The Adviser You Can Talk To Podcast
January 12, 2022
Investors enter 2022 haunted by many of the same headline risksThe probability that an investment will decline in value in the short term, along with the magnitude of that decline. Stocks are often considered riskier than bonds because they have a higher probability of losing money, and they tend to lose more than bonds when they do decline. that dominated 2021—including another rising wave of COVID infections impacting the economy. But as Chairman Dan Wiener and Chief Investment Officer Jim Lowell explain in this episode of The Adviser You Can Talk To, this year looks to be very different than the last. Dan and Jim discuss the key trends and indicators we’re watching, including:
Jim and Dan give their thoughts on why we still believe in bondsA financial instrument representing an IOU from the borrower to the lender. Bond issuers promise to pay bond holders a given amount of interest for a pre-determined amount of time until the loan is repaid in full (otherwise known as the maturity date). Bonds can have a fixed or floating interest rate. Fixed-rate bonds pay out a pre-determined amount of interest each year, while floating-rate bonds can pay higher or lower interest each year depending on prevailing market interest rates., and our overall approach to diversificationA strategy for managing investment risk by investing in a mixture of different investments. Since different asset classes face different risks, even if one type of asset declines in value, others may not. in what we think is likely to be an even more volatile 2022.
In this The Adviser You Can Talk To Podcast, Chairman Dan Wiener and I, Chief Investment Officer Jim Lowell, look back at 2021 and ahead to 2022’s well-known litany of potential risks and potential returns that we think we’ll need to maneuver through on the road ahead.
Hello. This is Jim Lowell and I’m the chief investment officer at Adviser Investments. I’m here with The Adviser You Can Talk To Podcast—our first of the new year. I’m joined by Dan Wiener, chairman of Adviser Investments.
Good morning, Jim.
Good morning, Dan. Today, we’re inviting you to join us as we both take a look back at 2021 and ahead to 2022’s well-known litany of potential risks and potential returns that we think we’ll need to maneuver through on the road ahead. Dan, let’s begin where we clearly expected to be but hoped we wouldn’t be: Still in the throes of the COVID pandemic, whose official start date was March 11, 2020. Since then, however, even the current variant of the virus we’re contending with is different and, overall, it feels less frightening. But what else is different this time and, for that matter, what’s the same?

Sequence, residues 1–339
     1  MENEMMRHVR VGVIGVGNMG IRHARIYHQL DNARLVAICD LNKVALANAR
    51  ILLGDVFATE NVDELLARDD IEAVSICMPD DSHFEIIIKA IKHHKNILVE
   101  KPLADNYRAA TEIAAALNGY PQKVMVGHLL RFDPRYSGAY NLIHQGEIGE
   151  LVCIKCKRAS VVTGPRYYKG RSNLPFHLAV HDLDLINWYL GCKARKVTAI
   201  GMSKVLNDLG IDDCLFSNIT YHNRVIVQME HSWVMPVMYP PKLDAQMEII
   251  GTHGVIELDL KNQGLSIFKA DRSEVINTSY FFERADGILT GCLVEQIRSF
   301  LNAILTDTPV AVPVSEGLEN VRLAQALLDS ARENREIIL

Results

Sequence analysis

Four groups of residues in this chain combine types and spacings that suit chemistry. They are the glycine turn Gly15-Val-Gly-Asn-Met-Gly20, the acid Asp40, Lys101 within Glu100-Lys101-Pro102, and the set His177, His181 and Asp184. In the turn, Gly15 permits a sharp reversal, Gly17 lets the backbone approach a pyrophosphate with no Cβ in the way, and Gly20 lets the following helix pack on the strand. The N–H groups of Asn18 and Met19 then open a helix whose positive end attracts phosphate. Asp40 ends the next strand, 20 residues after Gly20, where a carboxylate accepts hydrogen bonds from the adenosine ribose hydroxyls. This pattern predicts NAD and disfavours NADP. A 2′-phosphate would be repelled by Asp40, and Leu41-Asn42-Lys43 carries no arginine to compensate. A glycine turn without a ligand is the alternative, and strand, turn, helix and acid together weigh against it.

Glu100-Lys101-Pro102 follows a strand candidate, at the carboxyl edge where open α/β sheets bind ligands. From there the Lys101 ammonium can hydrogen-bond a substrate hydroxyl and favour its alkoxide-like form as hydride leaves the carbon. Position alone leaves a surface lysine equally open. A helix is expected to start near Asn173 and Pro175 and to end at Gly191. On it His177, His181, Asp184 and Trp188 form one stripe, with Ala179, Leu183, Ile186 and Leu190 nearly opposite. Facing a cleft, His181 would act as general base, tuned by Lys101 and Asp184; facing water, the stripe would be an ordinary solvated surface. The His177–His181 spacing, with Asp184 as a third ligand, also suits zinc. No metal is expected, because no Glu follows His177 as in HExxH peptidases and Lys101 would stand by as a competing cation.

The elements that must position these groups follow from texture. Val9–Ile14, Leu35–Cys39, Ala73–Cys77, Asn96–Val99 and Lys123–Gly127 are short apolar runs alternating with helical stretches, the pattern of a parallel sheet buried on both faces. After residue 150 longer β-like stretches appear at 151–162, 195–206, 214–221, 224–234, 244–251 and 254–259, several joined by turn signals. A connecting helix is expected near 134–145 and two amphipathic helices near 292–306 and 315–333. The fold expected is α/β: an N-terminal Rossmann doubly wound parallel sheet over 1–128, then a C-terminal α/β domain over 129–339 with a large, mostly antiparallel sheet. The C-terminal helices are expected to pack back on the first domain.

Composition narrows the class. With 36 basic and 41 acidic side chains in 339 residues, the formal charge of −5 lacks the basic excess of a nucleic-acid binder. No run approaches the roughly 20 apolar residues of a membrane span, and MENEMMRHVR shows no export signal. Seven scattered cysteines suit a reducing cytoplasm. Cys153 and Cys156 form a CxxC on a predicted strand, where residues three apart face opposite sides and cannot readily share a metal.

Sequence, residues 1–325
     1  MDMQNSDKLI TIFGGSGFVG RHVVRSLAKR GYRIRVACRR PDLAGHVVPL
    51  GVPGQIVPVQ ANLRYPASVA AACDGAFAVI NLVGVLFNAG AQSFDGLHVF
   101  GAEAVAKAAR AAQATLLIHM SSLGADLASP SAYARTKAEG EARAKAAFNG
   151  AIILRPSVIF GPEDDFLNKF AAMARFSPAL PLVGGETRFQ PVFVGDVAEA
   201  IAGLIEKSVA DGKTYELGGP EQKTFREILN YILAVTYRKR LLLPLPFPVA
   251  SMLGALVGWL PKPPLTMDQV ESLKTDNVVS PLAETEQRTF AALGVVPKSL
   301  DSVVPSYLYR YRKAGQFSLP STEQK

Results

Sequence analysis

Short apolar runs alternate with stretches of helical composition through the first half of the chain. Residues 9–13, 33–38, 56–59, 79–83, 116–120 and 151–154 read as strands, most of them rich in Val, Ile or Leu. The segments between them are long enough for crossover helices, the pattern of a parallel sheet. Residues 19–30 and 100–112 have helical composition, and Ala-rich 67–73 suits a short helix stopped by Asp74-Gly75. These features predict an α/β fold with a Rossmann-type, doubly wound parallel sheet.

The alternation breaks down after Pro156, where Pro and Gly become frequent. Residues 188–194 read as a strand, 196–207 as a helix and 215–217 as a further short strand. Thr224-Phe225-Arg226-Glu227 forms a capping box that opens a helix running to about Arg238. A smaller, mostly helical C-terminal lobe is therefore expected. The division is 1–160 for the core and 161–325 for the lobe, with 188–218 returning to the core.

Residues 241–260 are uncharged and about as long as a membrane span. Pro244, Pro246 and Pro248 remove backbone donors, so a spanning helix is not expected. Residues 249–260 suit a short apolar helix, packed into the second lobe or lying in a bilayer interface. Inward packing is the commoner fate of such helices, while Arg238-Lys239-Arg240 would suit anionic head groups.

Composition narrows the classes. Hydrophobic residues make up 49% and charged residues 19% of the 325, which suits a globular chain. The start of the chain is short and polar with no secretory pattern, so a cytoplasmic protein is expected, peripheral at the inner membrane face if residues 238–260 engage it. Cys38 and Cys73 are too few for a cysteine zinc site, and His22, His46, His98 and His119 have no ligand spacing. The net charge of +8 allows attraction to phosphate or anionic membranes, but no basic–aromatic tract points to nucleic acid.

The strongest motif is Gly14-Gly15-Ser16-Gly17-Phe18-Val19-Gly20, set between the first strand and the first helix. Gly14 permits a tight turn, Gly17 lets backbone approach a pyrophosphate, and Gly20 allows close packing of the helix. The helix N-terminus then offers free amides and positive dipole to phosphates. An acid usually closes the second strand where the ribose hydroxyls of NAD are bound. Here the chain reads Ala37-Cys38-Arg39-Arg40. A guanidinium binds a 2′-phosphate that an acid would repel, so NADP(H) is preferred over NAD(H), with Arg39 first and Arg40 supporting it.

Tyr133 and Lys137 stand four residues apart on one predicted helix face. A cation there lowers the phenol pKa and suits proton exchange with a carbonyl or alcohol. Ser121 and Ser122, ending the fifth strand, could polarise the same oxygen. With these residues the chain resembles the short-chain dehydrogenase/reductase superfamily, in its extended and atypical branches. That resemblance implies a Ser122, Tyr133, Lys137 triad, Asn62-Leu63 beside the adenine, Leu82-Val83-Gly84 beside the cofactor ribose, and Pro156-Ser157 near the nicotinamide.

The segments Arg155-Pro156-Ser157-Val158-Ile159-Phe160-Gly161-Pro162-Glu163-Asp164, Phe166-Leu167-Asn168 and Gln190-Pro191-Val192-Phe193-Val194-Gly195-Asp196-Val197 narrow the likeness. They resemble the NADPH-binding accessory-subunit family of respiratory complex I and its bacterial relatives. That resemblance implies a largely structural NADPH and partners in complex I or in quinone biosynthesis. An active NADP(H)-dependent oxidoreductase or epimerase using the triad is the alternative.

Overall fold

Well, what’s different to begin with is I didn’t know that we had a March 11, 2020, start date. Where did we get that date?
That was the official start date, according to the CDC. That’s when the pandemic began, almost two years ago, Daniel.
I know, but we have start dates for recessions and start dates for bull markets. I didn’t know that pandemics could be put on a certain date. All right, the difference, okay, that’s different. But I think the big difference is that there’s now talk of COVID being endemic rather than pandemic. 2021 was that year when most of us got our first jabs of the coronavirus vaccine, and many of us got a booster shot as well—I know I did. Last year was also a year of substantial hesitance to vaccines. There was little raw data to back up what the scientists were saying was good for us, not bad for us.
Today, despite this recent surge in omicron infections, we know much better that vaccines work, that they aren’t causing anybody to grow a tail or extra toes, and that those who have been vaccinated are at a much reduced risk of serious illness or death. So from an investment standpoint, even as COVID shut down the global economy in 2020 and caused lots of disruptions with supply chains in 2021, the virus turned out to really be almost a nonevent in the stock and bond markets. I know it’s hard to fathom, but it’s true.
You and I talked about infections and inoculations last year quite a number of times, and I think during one of our quarterly webinars, we brought up this third “i,” which is inflation. We said then that inflation would be much more important to investors longer term than either infections or inoculations, and I think it’s going to be the underlying theme for much of what happens in 2022—from economic growth to economic policy, market returns—much more so than infections or inoculations. So it’s that third “i.” I’m anxiously awaiting the most recent inflation read from December because November, we saw 6.8%. Would be nice to see the number either flatline or start to come down a bit. Rebound themes, economic growth, transitory inflationary pressure, etc. What’d I miss?